How do I keep my teen safe on the internet?
Real Mom Problem
“Anyone else have experience with their teen video-chatting with strangers? Is there some sort of punishment I should be considering? Do I just have yet another serious talk with her?”
- 1. Consider using a parental control program for when your teen uses the computer
- 2. Teach your teen about internet safety, including info about online predators, sharing information online, and online privacy
- 3. Enforce online safety with proper punishments if your teen doesn't follow the rules
Real Mom Solutions
Scary things can happen online, and teens may be too young and naïve to properly protect themselves without your help. These moms share how to keep your teen safe from online predators, adult sites, and other dangers.
Use Parental Controls
My son rarely goes on the internet but when he does, I have Verizon Internet Security Suite so if he tries to go on any website that I have not placed on the approved list, it pops up a box that requires me to come to the computer and put in a password.
I let my son pretty much go where he wants; he knows what he is not supposed to be looking at. We can track anything he does with our internet provider. I use Earthlink because their parental controls are very user friendly.
I use Norton Safety. It's cool, works well. Your child logs in, and it will block sites that you don't want. It logs every site they are on, and you can say how many hours you want them on the computer.
Explain the Serious Risks
I would consider finding real life examples from the news of child predators using online resources to find victims. Share the examples with your teen. Scare the crap out of her. This is not a game.
You should remind your teen that what she puts on the internet NEVER GOES AWAY. Future employers, future boyfriends, friends, enemies can see everything she's posted or done. One of my kids was doing some online chatting, even after we'd talked to her about internet safety and she'd taken an internet safety class at school. She somehow thought she was smarter. She was stunned when I helped her look up the email addresses of some of the "teen guys" she was talking to who turned out to be desperate looking older men. We immediately put multiple levels of protection on the computer: password-protected it so she couldn't get on, blocked social media websites, and set the computer to require a password every 15 minutes while in use. My daughter can't use the computer except for school and unless we're sitting next to her. It was a huge pain to my husband and me, but we adjusted to the changes.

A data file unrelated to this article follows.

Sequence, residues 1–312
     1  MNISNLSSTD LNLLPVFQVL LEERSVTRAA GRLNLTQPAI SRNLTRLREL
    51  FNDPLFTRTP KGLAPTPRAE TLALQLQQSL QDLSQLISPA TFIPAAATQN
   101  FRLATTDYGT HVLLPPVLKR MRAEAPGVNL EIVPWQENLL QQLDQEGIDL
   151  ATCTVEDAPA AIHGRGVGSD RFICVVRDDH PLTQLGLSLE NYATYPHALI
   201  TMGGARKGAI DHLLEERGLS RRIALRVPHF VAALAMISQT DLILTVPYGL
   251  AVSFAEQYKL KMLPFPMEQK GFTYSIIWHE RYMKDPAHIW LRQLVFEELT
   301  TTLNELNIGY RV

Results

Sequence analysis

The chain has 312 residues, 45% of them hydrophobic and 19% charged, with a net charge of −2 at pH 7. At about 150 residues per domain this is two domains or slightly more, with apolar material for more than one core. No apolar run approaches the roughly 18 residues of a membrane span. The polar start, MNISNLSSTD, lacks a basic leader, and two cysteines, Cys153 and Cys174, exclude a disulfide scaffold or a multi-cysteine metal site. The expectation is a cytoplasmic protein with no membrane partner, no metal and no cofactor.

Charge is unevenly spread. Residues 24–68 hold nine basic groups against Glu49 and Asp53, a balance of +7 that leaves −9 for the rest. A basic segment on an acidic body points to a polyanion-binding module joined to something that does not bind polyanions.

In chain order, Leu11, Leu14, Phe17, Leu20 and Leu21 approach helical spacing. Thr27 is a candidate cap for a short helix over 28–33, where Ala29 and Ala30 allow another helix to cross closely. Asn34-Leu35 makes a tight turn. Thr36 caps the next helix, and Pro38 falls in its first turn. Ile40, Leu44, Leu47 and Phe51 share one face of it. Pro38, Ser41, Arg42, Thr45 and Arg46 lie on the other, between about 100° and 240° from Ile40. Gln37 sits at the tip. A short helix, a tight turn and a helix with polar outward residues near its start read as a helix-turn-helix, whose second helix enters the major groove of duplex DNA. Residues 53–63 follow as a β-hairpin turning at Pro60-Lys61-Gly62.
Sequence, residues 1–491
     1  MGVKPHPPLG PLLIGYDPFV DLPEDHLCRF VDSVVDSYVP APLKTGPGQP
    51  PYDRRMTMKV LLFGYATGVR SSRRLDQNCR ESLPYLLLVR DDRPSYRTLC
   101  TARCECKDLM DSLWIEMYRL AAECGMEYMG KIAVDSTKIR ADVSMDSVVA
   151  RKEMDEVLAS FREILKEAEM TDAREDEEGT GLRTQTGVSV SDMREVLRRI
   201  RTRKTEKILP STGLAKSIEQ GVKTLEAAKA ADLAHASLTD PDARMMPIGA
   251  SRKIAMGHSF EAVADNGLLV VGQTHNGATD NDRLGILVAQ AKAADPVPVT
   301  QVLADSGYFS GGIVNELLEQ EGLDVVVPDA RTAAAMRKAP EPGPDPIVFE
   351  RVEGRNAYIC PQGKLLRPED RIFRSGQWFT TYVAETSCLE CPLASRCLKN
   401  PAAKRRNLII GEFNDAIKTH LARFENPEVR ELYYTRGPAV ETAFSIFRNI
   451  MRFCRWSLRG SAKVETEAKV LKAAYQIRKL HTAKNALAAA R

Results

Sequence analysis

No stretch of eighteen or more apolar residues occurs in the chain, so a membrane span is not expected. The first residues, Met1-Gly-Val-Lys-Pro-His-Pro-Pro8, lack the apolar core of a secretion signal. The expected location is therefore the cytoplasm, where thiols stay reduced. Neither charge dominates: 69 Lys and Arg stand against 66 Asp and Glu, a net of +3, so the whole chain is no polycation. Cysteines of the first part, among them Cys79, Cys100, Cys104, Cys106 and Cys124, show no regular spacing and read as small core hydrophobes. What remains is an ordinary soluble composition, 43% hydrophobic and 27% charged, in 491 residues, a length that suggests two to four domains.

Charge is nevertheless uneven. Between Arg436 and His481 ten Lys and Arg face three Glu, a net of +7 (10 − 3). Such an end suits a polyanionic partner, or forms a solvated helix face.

I have a very smart teenage niece that I was able to lure information out of online. She didn't know who I was and yet I got her name, age, school name, who was in her family, who she lived with, what time it was, what state she lived in and a lot of other information out of her. This took the course of two months and talking to her almost daily online. When I had all this information, I went to her mother and gave it to her. We sat down and talked to her about what I had learned from her and what would have happened if I wasn't her aunt and I was someone who wanted to hurt her. There are certain things that you can do to prevent this:
?1. Keep all online computers in a central area, where anyone can see what is being said and done.
?2. Always set your settings up to save conversations. This is not imposing on your child's personal or private lives, it is saving them.
3. If your child wants privacy online, then they are usually doing something wrong. Don't try to be the "cool" parent, be the safe one.
Internet safety is one of those things that needs more than a good talking to. NO computer unless someone is home...period. Ground your teen for a while and don't leave them home alone if they break online safety rules.
I took the internet away from my teen and explained to her why certain things are inappropriate online. I put parental controls all over the computer and she is only allowed on at certain times while I supervise until I feel I can trust her again. There are passwords on all of my lap tops and she has no "access" to the internet anymore.
I'd have a one strike and you're out rule in place. I'd let them know the rules, but they'd know that consequences will be swift, harsh, and non-negotiable. There's just too much temptation and danger in the internet, and teens don't have the maturity to police themselves.